*This article contains explicit information.
The worst kind of sick and demented human behavior has taken over the sports headlines this week. The revelations coming out of Penn State have shocked many in the sporting world.
If the accusations are true, everyone who knew what happened in 2002 and sat idly by while this predator was allowed to prey on more young victims must be held accountable for their lack of action.
Nobody gets a pass here. From the top of Penn State to the bottom.
If you were part of the program and let these crimes continue, you are accountable.
The Penn State football locker room had allegedly become a personal house of horrors for more than a few very young boys during the 1990s and early 2000s.
The court documents show the abuse that former Penn State defensive coordinator, Jerry Sandusky, has been accused of, and it is some of the worst kind of predatory, deviant behavior one could engage in.
If the accusations are true, Sandusky is one sick individual and should never see the light of day outside of a prison cell for the rest of his life.
The grand jury indictment begs the question: How could this crime, the first time it was observed, have been reported even internally and yet the offender was still allowed to walk around freely at Penn State, in the company of young boys?
This is beyond me, and this is also what has most people shocked and perplexed about the whole series of events.
If the grand jury report is true, then what in the world was wrong with Mike McQueary?
Most have heard the version that McQueary was a young graduate assistant who was simply trying to get his foot into the world of coaching big time college football.
Then one afternoon in 2002 McQueary supposedly saw a sexual assault take place, and he did the bare minimum by reporting what he saw to Paterno, who also took the easy route and just passed the information up the chain of command.
The problem I have with the whole thing is where is Mike McQueary, "the man," when he saw this act?
Mike McQueary was a 28-year-old man, big in stature, in good physical shape, he was a former college quarterback and he could have handled some 55-year-old pedophile in short order had he seen a man molesting a little boy!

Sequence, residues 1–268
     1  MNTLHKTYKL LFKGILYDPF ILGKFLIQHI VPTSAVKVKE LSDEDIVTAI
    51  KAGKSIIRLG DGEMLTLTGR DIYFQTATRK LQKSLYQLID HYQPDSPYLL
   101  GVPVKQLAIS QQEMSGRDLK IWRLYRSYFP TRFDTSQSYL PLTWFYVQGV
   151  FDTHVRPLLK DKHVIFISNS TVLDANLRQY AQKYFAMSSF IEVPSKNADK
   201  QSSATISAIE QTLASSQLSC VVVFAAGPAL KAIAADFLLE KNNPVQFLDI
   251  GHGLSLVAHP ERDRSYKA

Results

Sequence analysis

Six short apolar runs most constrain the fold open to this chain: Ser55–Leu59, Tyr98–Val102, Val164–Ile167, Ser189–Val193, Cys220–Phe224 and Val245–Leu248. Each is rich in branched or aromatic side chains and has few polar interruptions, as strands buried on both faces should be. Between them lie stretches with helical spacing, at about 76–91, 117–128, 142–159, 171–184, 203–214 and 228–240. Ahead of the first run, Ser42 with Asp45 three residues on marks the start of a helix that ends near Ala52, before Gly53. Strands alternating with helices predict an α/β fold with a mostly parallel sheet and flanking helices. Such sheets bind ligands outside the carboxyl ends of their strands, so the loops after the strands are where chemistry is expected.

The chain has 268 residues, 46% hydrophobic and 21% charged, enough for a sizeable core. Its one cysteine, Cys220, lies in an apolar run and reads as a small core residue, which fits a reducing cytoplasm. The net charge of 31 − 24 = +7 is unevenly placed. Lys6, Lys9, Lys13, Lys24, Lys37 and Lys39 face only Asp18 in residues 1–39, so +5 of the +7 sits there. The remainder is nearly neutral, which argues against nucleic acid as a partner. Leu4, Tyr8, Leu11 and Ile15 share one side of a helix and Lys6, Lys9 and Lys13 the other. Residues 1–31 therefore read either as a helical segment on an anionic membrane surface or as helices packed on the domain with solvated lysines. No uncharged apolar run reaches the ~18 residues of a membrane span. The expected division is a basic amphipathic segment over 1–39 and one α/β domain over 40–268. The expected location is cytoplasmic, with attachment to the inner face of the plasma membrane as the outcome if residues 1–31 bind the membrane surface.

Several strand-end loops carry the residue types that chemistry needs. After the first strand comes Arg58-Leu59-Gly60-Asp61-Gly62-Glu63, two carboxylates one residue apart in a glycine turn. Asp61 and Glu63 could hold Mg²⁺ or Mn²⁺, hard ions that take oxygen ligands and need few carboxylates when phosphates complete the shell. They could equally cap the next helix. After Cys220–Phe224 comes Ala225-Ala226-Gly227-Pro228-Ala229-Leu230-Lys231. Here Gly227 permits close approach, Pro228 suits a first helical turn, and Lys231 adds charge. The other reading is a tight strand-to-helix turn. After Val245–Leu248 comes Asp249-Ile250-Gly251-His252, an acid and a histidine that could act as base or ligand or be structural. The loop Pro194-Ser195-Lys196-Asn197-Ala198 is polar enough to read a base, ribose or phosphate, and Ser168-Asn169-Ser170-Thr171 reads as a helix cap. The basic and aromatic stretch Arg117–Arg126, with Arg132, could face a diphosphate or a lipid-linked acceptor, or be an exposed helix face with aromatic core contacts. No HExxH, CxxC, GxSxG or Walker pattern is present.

If the allegations are true, why did McQueary not sprint, in a bee-line, toward the shower and try to take Sandusky's head off? It makes no sense at all why he did not act in a more decisive manner.
I do not want to hear the argument about keeping his job and not soiling his name for possible future jobs.
The fact is, I do not think, if I tried, I could find a grown man or woman who would just stand idly by and let a child be sexually assaulted by a 55-year-old pedophile.
I do not care if a person witnessing such an assault was sick and frail or a senior citizen, the fact remains, if you are a man or a woman with any kind of character and compassion (and this is especially true if you are a parent), then you are going to give it all you have got to stop the assault.
Now, if you are one of those people who freezes under pressure, possibly like McQueary could have been, or if you are just terrified of confrontation, then remember, all you need to do is dial 911 on a telephone.
Had McQueary just called the police in 2002 it is very possible that the victims since then could have been spared the torture and anguish they had to face for years after the alleged shower incident.
Most people will automatically protect young kids when they are in trouble.
You've heard the story about the man who could barely swim immediately jumping into the water and drowning while saving a toddler from drowning.
This willingness to help a child, at all costs, is something most adults possess.
It is the same reason you hear of neighbors fighting with firemen while trying to get into a burning home where they believe a neighborhood child could be being trapped.
Anytime you hear of a disaster, people always try to save the children first.
In any emergency the plan is to always "get the children out first."
If these crimes are true, then you had better believe it was the emergency.
But this was an emergency where multiple people knew children were in danger and did nothing to protect them.
In the end it took one brave child coming forward to bring an institution to its knees.
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